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Essential To-Do List for First-Time Entrepreneurs
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Essential To-Do List for First-Time Entrepreneurs


By Carleigh Lowe Tuesday, September 20, 2011

Check out the terrific advice in the article "The Essential To-Do List for First-Time Entrepreneurs" from CBS Money Watch. Below is an excerpt.

Before we go into how to increase your chances for success, first a few dire facts. Only about half of small business start-ups survive 5 years or longer. The top two reasons for failure are:

1. Lack of experience — not operational (building or selling your better mouse trap) but lack of business experience.

2. Running out of cash — the earning curve never catches up with the learning curve.

So, our best piece of advice to you is this: When you control your money, you control your future. Here’s a to-do list to help you get to the five-year mark — and beyond.

1. Overestimate (generously) your costs to start up.

A few years ago, a rock climber in Phoenix needed rescuing when he tried to rappel a 400-foot rock face with a 250-foot rope. Your initial cash for your start-up is like your rope. Are you going to leave yourself dangling 150 feet from your destination?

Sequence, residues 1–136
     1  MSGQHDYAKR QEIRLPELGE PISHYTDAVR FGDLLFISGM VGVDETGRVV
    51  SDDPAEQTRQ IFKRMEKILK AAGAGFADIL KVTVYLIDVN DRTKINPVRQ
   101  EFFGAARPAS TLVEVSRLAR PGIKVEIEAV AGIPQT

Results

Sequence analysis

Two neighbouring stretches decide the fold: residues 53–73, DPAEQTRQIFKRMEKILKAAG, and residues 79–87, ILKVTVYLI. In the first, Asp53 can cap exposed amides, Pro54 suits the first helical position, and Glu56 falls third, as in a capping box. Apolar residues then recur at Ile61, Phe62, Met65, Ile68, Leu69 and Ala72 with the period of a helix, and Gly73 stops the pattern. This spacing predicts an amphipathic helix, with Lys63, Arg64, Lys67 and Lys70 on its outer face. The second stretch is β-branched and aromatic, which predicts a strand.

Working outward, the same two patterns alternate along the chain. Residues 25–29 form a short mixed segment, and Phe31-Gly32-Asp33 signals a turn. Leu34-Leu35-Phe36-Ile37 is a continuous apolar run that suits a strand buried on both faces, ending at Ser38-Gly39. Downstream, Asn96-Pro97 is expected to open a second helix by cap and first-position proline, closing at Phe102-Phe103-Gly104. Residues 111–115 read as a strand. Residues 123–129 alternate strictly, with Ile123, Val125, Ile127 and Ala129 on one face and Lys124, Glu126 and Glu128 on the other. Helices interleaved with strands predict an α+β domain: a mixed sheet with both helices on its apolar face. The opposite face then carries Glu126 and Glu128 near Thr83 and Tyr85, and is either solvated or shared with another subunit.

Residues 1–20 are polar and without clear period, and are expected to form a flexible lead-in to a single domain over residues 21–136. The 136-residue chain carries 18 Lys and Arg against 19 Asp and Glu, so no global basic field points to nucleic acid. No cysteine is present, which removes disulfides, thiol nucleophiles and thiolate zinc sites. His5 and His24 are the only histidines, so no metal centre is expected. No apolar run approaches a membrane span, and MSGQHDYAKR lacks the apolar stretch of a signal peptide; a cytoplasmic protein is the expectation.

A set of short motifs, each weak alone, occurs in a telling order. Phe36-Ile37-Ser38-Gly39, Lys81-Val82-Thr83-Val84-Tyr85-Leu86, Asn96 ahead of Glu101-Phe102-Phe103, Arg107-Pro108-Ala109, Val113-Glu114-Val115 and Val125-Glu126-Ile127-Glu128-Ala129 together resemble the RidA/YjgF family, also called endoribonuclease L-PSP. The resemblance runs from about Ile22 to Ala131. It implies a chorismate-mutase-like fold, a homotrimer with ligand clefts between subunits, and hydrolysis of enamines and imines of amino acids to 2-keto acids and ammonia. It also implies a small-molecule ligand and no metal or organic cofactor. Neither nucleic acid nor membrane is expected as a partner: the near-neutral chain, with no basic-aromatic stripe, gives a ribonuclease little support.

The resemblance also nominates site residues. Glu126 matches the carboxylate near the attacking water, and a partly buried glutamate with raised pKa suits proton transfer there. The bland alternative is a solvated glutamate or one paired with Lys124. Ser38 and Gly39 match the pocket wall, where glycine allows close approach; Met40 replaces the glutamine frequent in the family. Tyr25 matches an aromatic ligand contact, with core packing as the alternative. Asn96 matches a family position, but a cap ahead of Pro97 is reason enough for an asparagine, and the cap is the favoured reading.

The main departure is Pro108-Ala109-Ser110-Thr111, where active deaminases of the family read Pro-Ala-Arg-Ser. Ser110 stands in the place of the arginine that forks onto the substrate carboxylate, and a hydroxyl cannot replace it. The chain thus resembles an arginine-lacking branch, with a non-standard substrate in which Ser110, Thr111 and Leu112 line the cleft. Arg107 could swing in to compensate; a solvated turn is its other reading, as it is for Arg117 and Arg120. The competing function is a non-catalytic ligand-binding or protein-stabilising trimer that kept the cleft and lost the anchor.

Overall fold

Don’t make the mistake of underestimating the cost of your new business and overestimating sales and your break-even point. Instead, try this: Take your best, conservative estimate for your start-up costs, then double it. Then add 20%. Surprisingly, this is usually pretty close to reality.

2. Know your break-even point.

Ten thousand dollars in sales does not cover $10,000 of expenses. Your cost of sales could easily be $7,000, leaving you $3,000 in gross profit, which you will need to pay all of your sales, general, and administrative costs. It’s simple arithmetic: You reach the break-even point when your gross profit equals all remaining business costs.

3. Realize that you can’t make up in volume what you lose in profit — so price accordingly.

One of the great myths in business is that by offering lower prices you will attract more customers and then, down the road, you can raise your prices. Without proper profit margins, you will not generate the cash flow to stay in business. You can’t be all things to all people. It is far more important to establish a clear and unique value proposition, then price your goods and services accordingly.

 

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